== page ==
A Nobel Prize not Immune from Error?
(December 12th, 2011) From 1993-1997, Bruno Lemaitre made ground-breaking discoveries on innate immunity in insects. Yet, although he clearly did this research, the lab’s administrative manager, Jules Hoffmann, has now received the Nobel Prize. A case of mistaken identity? Jeremy Garwood looks at the evidence.
Disputes about the relative contributions of authors on scientific reports are common but when the article in question wins the Nobel Prize, with all of its associated aura, the question of deserved credit becomes much more acute. And sometimes the evidence appears irrefutable. On the website, Behind Discoveries, Bruno Lemaitre has provided extensive documentary evidence supporting his claims of injustice.
“For a long time now, I have wanted to express my feelings about events relating to my work on immunity in Drosophila and the Cell 1996 paper in which the role of Toll in the antifungal response is described. The 2011 Nobel prize has now precipitated my response. I know some of you may think this is a little too late but this has not been easy for me,” writes Lemaitre, now a Professor at the Ecole Polytechnique Fédérale de Laussanne (EPFL).
More deserving candidates?
Contacted by telephone, Bruno Lemaitre told me it was important to stress that he was not simply claiming the Nobel Prize for himself. Rather, he said that the overall discovery of TLRs had been “a very complicated one” involving many labs (he discusses this at length in: ‘Repositioning the ‘Cell 1996’ discovery in the context of Toll/TLRs’).
However, what was certain was that “other researchers in the domain were far more deserving than Jules Hoffmann”. In particular, he cited Ruslan Medzhitov, who had displayed enormous creativity, and Shizuo Akira, whose laboratory had clarified numerous key aspects of TLRs. Furthermore, both of these researchers had the additional merit of presenting their results in a straightforward manner, without denigrating the work of others. In this respect, he added, Bruce Beutler had also been a poor choice for the Nobel Prize honouring the discovery of TLRs.
The evidence against Hoffmann
This is divided into 4 main sections but you don’t need to start at the beginning:
This is where you can read the original papers describing the Nobel Prize-winning discovery. Although ‘Cell 1996’ is the most prominent, it was in fact the middle of three key papers that Lemaitre published (Lemaitre et al. 1995, 1996, 1997) describing how his genetic studies had revealed that flies respond to infections by two different pathways: the response to bacterial infections passes through the Imd (immune deficiency) receptor, a mutation he discovered, while fungal infections elicit a response through the Toll receptor, a protein that had been previously identified for its role in embryonic development.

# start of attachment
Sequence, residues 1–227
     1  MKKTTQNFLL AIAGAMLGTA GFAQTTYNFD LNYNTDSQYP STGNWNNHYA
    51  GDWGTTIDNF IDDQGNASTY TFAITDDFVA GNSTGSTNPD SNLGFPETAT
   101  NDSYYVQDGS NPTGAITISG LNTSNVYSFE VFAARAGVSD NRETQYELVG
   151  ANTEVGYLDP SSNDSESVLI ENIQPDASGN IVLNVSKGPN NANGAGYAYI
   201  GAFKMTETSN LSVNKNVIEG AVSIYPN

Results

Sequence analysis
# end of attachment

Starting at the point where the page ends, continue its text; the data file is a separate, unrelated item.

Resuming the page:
This work in itself represented a big advance but gained extra significance when it helped mammalian immunologists to discover that the homologous Toll-like receptors (TLRs) are pattern recognition receptors regulating innate immunity in man. Suddenly this fly story took on a bigger meaning!
For those of you who prefer a more readable scientific story, try the personal account that Lemaitre published in 2004 for Nature Review Immunology. He features a researcher’s lab bench view of the discovery, complete with key moments when chance, other labs, and good luck aided him. Presumably, the Nobel Prize committee didn’t get as far as reading this personal record of the creative process that led him to discover the role of Toll (and Imd); however he does note that the ‘I’ in his original manuscript was often changed to ‘we’ upon the insistence of a reviewer from Hoffmann’s institute. For Lemaitre, these ‘I’ to ‘we’ changes are significant because they served to hide what was largely his individual research effort.
“I feel bitter about this award for the reasons I explain below. In short, I feel disappointed because at the time I performed the critical work on Toll, Jules Hoffmann was not very supportive of the genetics approach I had undertaken. Subsequently, he has never been able to fully recognize my contribution, yet somehow it is he who is now collecting the honours for my work.”
In ‘Mixed feelings about the Nobel Prize 2011’, Lemaitre writes a very wide-ranging account of where he’s coming from – literally! He goes back 20 years to the University of Paris and his PhD studies on transposable genetic elements in Drosophila. He explains how this environment gave him a solid grounding in fly genetics.